The Respondent asserts that the Union could have filed a grievance without the requested information and therefore did not “need” the requested information to file a grievance. But the Authority’s definition of need is far broader. For example, information can be “needed” where, as here, it would enable a union to make an informed decision about whether to file a grievance in the first place. SSA, 64 FLRA at 296; see also FCI Ray Brook, 68 FLRA at 496 (indicating that information can be necessary to help parties sift out unmeritorious grievances). Accordingly, the Respondent’s argument is unfounded.
The Respondent suggests that the Union did not need the requested information, because Davis took notes while representing many of the bargaining unit employees who testified before the AIB. But Davis’s notes are not among the documents the Union requested. Rather, the Union requested the AIB transcript, the AIB report, and the AIB recommendations memo. Moreover, despite Davis’s notes providing background information regarding their specific requests for information, a union’s right to information is not dependent on whether the information is reasonably available from an alternative source. U.S. Dep’t of the Navy, Puget Sound Naval Shipyard, Bremerton, Wash., 38 FLRA 3, 7 (1990). For these reasons, the Respondent’s argument lacks merit.
The Respondent asserts that the climate assessment and the employee satisfaction survey indicate that employees are satisfied and that all issues pertaining to the AIB had been resolved, rendering the information request moot. However, the Union is free to disagree with the Agency’s opinion of workplace morale, and the Union is entitled to obtain information to determine for itself whether complaints raised by employees warrant the filing of a meritorious grievance. See SSA, 64 FLRA at 296. Assuming that the climate assessment and the employee satisfaction survey describe morale at the Agency accurately, those documents reveal that at least some employees were unsatisfied and might have depended on the Union obtaining the requested information. See Resp. Ex. 2 at 26. For these reasons, the Respondent’s reliance on the climate assessment and the employee satisfaction survey are misplaced.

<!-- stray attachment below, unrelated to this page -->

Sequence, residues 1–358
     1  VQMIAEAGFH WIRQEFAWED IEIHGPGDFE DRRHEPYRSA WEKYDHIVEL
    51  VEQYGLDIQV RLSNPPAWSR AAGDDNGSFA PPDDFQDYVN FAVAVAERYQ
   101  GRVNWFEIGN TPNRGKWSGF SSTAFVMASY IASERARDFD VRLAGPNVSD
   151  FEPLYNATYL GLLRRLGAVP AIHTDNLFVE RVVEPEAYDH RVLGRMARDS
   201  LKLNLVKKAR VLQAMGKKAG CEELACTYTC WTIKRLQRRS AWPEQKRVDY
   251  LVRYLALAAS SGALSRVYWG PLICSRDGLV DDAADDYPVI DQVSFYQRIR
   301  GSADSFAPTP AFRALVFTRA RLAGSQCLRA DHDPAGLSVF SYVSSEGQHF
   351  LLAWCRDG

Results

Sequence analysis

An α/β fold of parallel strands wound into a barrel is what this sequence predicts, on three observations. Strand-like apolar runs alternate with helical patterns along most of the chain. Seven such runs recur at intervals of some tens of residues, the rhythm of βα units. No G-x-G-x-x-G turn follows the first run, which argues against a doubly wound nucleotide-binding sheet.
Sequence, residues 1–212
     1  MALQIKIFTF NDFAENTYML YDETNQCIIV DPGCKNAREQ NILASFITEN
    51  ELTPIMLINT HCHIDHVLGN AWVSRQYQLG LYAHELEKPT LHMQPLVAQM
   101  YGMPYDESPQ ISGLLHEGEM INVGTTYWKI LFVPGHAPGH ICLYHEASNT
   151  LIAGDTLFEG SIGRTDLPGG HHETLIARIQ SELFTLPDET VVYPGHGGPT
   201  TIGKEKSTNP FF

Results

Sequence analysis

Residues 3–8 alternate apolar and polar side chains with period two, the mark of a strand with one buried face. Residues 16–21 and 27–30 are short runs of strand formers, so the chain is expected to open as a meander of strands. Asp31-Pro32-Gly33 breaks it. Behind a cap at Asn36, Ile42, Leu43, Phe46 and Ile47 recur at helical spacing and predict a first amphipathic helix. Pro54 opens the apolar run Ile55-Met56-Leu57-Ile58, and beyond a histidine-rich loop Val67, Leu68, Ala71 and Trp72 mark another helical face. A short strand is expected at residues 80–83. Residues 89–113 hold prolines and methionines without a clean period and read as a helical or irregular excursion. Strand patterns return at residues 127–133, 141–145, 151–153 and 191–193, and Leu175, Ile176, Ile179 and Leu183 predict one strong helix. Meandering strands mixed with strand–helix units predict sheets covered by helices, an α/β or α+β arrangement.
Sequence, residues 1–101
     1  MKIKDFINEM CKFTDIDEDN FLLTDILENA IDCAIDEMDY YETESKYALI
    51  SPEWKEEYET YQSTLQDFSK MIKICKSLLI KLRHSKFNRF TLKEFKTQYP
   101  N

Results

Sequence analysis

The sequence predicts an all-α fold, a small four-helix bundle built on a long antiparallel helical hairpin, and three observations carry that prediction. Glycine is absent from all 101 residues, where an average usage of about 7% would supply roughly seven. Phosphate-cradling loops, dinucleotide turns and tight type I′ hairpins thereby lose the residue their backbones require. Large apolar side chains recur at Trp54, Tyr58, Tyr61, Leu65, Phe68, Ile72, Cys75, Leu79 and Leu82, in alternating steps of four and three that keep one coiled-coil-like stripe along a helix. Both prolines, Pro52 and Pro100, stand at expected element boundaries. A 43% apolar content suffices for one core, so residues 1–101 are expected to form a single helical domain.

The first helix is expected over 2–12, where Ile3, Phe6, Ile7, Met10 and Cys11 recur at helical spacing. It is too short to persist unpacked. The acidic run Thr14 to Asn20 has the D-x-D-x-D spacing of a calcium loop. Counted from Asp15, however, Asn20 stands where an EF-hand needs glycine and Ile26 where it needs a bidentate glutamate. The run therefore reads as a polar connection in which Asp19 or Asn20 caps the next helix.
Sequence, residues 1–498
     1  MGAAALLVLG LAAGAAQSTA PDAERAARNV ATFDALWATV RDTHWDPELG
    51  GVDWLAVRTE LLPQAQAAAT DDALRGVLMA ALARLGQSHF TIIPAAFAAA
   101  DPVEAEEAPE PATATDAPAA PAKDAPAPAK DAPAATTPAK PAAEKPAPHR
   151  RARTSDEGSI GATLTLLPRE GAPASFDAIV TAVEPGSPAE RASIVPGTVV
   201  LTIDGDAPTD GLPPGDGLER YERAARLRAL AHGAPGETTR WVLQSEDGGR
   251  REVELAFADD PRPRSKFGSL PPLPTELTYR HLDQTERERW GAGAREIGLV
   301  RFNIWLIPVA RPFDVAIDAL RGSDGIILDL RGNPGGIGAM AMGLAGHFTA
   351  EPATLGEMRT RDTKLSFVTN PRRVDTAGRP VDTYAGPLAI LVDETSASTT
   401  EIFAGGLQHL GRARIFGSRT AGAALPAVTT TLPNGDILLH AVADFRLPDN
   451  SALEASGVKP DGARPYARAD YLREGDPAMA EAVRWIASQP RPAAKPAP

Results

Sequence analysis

Finally, the Respondent argues that it provided the Union redacted copies of Scott’s testimony, the AIB report, and the AIB recommendation memo the week before the hearing. However, the Respondent failed to provide a complete and unredacted copy of the AIB transcript and also failed to provide any unredacted documents. Furthermore, even if the documents had been responsive to the Union’s request, the Respondent cannot escape liability by providing the requested documents a mere week before the hearing, long after the ULP charge was filed. See Navy, 63 FLRA at 463; U.S. DOJ, Exec. Office for Immigration Review, N.Y., N.Y., 61 FLRA 460, 467 (2006). Accordingly, the Respondent’s argument is misplaced.
Based on the foregoing, I find that the Union clearly established a particularized need for the requested information. Accordingly, I now turn to the Respondent’s claim that disclosing the requested information is prohibited under the Privacy Act.
Disclosure of the Requested Information Is Not Barred by the Privacy Act